Nizza Monferrato Wine Region
By: Marcella Newhouse
A Brief History of Nizza Monferrato
In 1225, when the city of Alessandria fell from war destruction, many of its inhabitants fled west and founded a new village, Nizza Monferrato. Today the calm streets of Nizza Monferrato in the serene Asti wine region suggest nothing of its tumultuous history. First beseiged by Charles I, then by the Count of Armagnac, and multiple times attacked by the Spanish and then the French , the town finally settled into the hands of the House of Savoy in 1703.
The French Connection
At that time the Duchy of Savoy ruled both Nizza Monferrato and the French city of Nice (Nizza in Italian). The suffix, “Monferrato,” was needed to distinguish the inland one from the coastal one. Nizza Monferrato has also been called “Nizza della Paglia” (Nizza in the countryside) but the Italians feel the need to recognize the French city of Nice by its own suffix, “Nizza Marittima” (Nice of the sea) and in Piemontese dialect, they would say, “Nissa dël Mar.”
Either way the French connection is still evident today but in my experience, mainly through the food. The popularity of the “Insalata Nizza” throughout the area’s cafes and restaurants clued me in initially to the cities’ kinship. The Insalata Nizza is composed of exactly the same ingredients as the “Salade Niçoise” but assembled differently. Other foods local to Nizza include: belecauda (fried cake made from chickpea flour), cotechino (charcuterie that requires cooking and it is extraordinarily delicious), Insalata Russa (Russian Salad – similiar to potato salad), as well as all manner of homemade pasta, and carne cruda (high quality raw beef like carpaccio but ground up).
Nizza Monferrato and Nizza DOCG
Besides being a mecca of great Piemontese food, Nizza, the wine region, is actually at the heart of the best Italian Barbera zone: Asti. While the wine called Barbera d’Asti (Barbera from Asti) attained its DOC status in 1970, it was not until the mid 1980s when its global reputation escalated. In 1985 Giacomo Bologna of the landmark producer, Braida, surprised the wine world with his release of a Barbera wine made from his top vineyard site called Bricco dell’Uccellone (hill of the large black bird). He aged it in French barrique (barrel) for 18 months, a technique not only new to Piemontese winemaking in general, but one that hadn’t been used for Barbera before because it was a grape considered appropriate only for making “vino sfuso” (bulk wine). It took another 23 years for Barbera d’Asti to attain its DOCG status, and when it did, many of the Nizza municipalities were recognized as superior.
Despite all the strife of its past, Nizza is now a prime example of camraderie. With the recognition of its own area as the best of the best, the producers of Barbera d’Asti DOCG Superiore Nizza joined forces, and finally attained their very own superior Barbera appellation with the 2014 harvest. Now the former Barbera d’Asti DOCG Superiore Nizza wines are simply called Nizza DOCG, much like the Dogliani DOCG appellation I’ve written about before.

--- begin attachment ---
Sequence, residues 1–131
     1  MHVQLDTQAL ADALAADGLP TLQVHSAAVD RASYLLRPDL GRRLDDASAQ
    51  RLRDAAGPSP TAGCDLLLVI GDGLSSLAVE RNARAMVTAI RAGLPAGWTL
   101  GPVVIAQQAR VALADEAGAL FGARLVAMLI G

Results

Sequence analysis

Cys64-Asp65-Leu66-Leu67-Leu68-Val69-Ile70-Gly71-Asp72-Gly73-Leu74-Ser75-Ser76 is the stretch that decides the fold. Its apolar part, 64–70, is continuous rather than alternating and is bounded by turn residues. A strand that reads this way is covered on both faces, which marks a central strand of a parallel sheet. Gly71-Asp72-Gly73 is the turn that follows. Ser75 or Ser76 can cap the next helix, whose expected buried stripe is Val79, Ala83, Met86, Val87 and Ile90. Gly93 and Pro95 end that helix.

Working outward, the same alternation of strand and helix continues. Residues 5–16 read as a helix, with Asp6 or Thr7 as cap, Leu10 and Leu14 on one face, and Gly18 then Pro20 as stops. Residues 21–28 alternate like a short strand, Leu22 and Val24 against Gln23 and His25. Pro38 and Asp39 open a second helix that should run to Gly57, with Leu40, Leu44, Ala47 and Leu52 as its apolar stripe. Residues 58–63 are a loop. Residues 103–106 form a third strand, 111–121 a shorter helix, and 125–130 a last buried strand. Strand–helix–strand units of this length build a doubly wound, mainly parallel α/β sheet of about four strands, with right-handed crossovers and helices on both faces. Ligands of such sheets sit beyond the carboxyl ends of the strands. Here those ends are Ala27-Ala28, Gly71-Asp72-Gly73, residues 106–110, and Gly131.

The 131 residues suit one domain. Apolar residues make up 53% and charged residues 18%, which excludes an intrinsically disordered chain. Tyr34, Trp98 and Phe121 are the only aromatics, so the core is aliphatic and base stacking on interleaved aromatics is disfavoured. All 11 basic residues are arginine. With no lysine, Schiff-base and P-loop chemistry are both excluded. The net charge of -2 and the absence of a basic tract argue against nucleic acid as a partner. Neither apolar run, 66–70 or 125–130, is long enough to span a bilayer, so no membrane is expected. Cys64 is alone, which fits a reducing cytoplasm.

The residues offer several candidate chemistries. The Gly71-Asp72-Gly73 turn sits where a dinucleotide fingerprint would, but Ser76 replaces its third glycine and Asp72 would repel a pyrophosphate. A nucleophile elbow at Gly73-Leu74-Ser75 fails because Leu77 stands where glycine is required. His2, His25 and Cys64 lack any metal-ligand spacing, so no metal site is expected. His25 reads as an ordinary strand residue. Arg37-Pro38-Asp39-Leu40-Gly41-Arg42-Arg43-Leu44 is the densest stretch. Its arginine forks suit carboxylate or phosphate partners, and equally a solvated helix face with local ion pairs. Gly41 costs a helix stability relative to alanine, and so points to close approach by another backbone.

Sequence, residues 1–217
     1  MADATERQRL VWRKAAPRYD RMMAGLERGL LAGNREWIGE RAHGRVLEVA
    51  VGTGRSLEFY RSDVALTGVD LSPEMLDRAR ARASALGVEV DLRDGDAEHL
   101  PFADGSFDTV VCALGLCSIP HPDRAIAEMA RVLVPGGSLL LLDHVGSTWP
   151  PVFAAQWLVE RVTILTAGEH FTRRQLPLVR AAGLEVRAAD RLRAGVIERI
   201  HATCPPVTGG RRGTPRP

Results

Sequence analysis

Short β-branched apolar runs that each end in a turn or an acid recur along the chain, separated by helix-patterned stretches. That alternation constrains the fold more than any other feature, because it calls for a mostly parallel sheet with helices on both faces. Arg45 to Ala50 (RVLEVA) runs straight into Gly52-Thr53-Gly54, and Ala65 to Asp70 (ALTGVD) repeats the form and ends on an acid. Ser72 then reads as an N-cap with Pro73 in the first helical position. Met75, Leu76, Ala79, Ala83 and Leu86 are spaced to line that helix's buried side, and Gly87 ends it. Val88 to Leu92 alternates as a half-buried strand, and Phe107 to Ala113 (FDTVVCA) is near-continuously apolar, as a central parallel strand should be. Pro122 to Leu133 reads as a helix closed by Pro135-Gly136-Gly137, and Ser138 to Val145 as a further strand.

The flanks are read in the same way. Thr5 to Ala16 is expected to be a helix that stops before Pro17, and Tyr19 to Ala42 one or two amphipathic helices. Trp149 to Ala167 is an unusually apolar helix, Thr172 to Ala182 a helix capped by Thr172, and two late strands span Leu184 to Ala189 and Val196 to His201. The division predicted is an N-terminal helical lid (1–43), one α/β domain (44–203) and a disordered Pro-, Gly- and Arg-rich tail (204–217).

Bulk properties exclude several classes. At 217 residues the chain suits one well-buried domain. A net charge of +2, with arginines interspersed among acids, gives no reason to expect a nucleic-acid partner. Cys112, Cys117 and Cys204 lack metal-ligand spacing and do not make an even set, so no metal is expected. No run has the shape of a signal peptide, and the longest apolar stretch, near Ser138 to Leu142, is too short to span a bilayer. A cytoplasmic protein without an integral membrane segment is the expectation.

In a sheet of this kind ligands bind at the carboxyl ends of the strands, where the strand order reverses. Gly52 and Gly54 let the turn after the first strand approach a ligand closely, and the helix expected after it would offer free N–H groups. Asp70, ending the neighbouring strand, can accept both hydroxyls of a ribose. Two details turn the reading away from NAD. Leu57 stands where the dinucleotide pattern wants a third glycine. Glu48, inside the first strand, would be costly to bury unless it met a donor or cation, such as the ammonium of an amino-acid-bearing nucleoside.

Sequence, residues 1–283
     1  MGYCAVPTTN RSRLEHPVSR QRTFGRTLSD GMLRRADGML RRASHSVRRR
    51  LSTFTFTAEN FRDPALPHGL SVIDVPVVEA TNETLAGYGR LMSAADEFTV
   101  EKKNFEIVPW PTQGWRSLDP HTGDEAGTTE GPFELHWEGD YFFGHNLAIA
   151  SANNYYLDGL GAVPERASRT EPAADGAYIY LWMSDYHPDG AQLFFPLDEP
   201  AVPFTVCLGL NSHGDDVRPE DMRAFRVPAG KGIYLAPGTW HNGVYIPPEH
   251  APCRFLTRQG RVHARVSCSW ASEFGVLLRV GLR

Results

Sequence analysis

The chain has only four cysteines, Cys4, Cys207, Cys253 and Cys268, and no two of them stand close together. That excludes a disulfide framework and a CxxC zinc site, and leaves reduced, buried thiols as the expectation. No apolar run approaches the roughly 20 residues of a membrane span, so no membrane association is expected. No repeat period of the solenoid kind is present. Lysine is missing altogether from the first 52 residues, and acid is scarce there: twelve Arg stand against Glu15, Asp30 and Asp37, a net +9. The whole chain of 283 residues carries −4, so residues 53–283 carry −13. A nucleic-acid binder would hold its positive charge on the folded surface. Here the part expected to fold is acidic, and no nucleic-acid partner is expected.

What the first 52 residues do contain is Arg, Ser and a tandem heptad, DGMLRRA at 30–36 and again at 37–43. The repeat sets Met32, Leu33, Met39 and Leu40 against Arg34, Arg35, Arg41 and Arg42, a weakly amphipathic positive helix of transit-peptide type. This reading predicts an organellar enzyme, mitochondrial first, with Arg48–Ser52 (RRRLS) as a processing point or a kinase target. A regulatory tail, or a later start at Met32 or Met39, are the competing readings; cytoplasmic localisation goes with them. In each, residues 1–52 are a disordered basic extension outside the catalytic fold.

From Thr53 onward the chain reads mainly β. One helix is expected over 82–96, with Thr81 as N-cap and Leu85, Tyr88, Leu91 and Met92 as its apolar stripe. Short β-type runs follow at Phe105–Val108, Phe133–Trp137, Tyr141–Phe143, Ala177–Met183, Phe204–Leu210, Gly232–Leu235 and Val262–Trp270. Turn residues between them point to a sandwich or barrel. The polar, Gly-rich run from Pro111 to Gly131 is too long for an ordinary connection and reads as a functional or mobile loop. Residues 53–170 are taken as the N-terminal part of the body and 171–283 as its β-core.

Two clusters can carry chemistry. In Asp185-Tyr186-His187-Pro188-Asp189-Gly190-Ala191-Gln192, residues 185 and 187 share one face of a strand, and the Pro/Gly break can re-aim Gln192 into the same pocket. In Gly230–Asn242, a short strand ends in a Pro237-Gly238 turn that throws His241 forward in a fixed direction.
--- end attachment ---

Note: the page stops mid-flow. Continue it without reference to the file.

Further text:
The Nizza DOCG wines must adhere to a long list of grape growing and winemaking constraints. The members work together every year and blind taste each other’s wines, offering constructive criticism, looking for ways to improve. In this way, the Nizza DOCG Barbera wines have and will continue to attain greatness and an honorable reputation in the global market. Imagine if all regions’ winemakers worked together like this!
While there are a plethora of outstanding wine producers of Barbera from Nizza—you can find a complete listing here – a couple of them are notable and worth visiting not only because of the wine they produce, but also because of their history in the region.
The legendary producer, Coppo, located in the village of Canelli offers visits to their underground historical cellars which are included as part of the Langhe-Roero and Monferrato UNESCO World Heritage site. Built in the early 1700s, the Coppo cellars reach depths of 130 feet and open through 16,000 square feet into the hills of Canelli.
Michele Chiarlo boasts four generations of winemakers in Piemonte with ownership of many vineyards in prized pockets of many sub regions. One of the best properties, Tenuta LaCourt, located within the Nizza denomination, is worth a visit! Definitely go, if not for the impeccable wine, for the sheer impact of the energy of the estate. All of its sculptures and art installations are gorgeously integrated into the slopes of the hills and lines of the vineyards.
Most of the villages of the Nizza area also offer plenty of sites to see. One remarkable spot is Tra le Terra e il Cielo in the village of Moasca. Upon its rooftop, al fresco dining will give you a perfect repose and ideal location from which to take in the local beauty. The cafe’s surrounding towers and wall relics of structures past will remind you of the battles that were fought to bring the peace of today. Explore the towers and thank our forebearers for defending such a magnificent place.
For information about the Monferrato wine road in Asti
Feature photo by Asti Tourism
About the Writer:
Marcella Newhouse is a Wine Journalist, certified Sommelier, and WSET Diploma candidate. She stays in close contact with the Italian wine scene by traveling to Italy a few times a year.
Keep up with her stories and reviews at www.enotecamarcella.com
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